Many Brits are unaware of the financial risks of using their mobile phone to browse the internet, a survey from thinkbroadband.com has found.
Over 1,000 mobile phone users were surveyed and 43 per cent admitted they don’t check their bill at the end of the month and 20 per cent are unaware of their mobile download usage allowance.
This is in spite of 58 per cent claiming that when they access the internet on the move, it is via their mobile phone rather than any other device.
With the mobile phone swiftly becoming the most popular way of accessing the internet, consumers need to become wise to the possible financial implications of not keeping an eye on the extra charges that could be hitting them each month.
Sebastien Lahtinen, co-founder of thinkbroadband.com, the independent broadband news and information site that ran the survey comments, “The results of this survey highlight why, since the rise in popularity of smartphones over the past couple of years, many Brits are experiencing financial headaches over their mobile phone bills.
“It is important to make sure you have a data bundle to suit your needs. Providers can offer a number of different packages to coincide with the amount of internet you will be using. A warning if you go outside the EU; you could end up with a very large bill simply for sending a few photos and updating Facebook. Most of all it is important to monitor your bills each month to ensure you are not paying over the odds for the amount of data you are using.”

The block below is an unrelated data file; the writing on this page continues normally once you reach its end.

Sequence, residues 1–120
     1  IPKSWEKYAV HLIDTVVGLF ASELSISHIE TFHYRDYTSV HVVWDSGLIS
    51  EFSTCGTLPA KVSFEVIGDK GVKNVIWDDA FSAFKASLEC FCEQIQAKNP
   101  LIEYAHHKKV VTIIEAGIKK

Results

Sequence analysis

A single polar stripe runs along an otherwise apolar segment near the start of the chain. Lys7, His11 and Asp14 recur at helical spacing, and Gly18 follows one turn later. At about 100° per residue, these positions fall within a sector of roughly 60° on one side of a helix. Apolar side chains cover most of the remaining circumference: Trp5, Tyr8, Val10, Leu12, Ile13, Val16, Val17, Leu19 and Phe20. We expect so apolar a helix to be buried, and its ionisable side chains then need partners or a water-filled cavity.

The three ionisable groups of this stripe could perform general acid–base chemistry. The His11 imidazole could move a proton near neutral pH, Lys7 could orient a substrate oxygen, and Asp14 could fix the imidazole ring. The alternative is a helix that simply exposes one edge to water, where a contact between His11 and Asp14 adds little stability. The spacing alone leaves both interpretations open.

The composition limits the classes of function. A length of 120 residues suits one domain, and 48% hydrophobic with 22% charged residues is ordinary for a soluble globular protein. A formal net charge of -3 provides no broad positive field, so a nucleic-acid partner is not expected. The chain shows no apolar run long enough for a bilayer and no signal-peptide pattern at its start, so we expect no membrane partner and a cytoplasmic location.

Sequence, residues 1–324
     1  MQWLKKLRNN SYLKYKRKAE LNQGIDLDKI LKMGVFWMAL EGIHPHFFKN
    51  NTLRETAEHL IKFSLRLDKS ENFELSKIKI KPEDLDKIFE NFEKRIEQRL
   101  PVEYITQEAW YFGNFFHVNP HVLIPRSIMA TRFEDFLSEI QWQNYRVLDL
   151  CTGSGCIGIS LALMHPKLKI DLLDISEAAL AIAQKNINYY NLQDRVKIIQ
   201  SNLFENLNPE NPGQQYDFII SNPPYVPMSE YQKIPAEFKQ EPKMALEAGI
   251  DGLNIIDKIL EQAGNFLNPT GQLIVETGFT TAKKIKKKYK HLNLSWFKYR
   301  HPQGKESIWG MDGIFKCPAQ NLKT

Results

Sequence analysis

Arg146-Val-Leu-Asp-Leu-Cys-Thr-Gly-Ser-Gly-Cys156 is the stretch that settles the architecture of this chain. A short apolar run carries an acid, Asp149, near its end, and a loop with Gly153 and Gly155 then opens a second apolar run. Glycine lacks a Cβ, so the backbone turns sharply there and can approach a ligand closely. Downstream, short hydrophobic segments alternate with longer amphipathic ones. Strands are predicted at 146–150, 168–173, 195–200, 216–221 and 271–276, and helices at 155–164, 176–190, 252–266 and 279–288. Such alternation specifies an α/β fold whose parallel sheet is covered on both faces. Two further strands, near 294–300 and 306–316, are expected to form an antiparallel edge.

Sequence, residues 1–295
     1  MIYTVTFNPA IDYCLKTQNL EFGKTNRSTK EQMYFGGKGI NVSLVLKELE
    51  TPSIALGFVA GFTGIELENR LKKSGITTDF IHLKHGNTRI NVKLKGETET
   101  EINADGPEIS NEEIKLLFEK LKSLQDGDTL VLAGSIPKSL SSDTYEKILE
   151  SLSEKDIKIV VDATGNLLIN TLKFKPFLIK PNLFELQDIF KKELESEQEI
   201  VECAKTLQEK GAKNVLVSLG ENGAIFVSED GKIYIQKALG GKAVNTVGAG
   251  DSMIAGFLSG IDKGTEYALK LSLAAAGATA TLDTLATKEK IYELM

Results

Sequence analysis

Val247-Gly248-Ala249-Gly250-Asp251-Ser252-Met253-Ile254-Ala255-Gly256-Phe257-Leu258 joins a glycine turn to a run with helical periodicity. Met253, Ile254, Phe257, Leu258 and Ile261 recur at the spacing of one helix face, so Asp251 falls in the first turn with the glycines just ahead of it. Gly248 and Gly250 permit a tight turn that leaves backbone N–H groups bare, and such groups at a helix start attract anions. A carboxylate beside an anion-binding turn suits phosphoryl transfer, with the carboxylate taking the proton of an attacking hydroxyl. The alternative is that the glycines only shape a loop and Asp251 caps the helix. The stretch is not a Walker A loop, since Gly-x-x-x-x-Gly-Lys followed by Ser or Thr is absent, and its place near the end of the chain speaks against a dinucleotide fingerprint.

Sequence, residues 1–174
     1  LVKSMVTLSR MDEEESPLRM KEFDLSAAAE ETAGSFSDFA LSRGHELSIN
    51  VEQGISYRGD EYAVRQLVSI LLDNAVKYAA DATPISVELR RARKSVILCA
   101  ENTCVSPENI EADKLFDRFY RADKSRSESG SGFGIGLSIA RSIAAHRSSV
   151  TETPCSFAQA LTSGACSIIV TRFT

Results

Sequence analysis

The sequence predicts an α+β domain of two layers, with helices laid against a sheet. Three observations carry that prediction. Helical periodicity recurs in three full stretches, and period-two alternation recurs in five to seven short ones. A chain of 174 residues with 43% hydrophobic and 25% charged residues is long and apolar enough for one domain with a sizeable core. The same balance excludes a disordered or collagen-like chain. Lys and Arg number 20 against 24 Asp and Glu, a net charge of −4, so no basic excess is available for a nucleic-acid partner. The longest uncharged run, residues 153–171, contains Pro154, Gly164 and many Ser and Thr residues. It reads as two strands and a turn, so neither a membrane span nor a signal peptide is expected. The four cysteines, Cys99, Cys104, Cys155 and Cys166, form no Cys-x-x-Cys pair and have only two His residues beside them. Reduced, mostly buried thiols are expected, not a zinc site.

Advice from thinkbroadband:
• If your mobile phone connects to the Internet, make sure you have an inclusive data bundle or a package with a capped rate for Internet access. Most current mobile phones can connect to the Internet, whether it’s just to update the weather forecast or download apps—you don’t have to browse the web to be using up data.
• Watch your usage. You can download applications which help to track your data usage, or you may be able to log on to your network operator’s website to find out how much data you are using.
• If you’re worried, switch off data. Turn off data on your mobile phone if you are concerned, especially if you’re going abroad; although the European regulation means that you will be better protected than before when travelling within the EU, this does not apply when you are travelling further afield.